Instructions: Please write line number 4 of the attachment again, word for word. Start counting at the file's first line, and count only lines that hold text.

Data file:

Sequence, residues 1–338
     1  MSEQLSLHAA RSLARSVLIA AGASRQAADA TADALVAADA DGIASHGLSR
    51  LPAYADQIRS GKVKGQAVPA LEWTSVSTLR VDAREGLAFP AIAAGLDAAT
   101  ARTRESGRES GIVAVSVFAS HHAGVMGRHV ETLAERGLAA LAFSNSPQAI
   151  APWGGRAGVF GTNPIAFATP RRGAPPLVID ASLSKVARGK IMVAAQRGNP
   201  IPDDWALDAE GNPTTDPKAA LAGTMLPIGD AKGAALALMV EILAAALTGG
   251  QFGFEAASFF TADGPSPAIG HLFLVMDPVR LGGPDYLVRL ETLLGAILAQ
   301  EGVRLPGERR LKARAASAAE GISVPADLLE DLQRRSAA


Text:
   101  ARTRESGRES GIVAVSVFAS HHAGVMGRHV ETLAERGLAA LAFSNSPQAI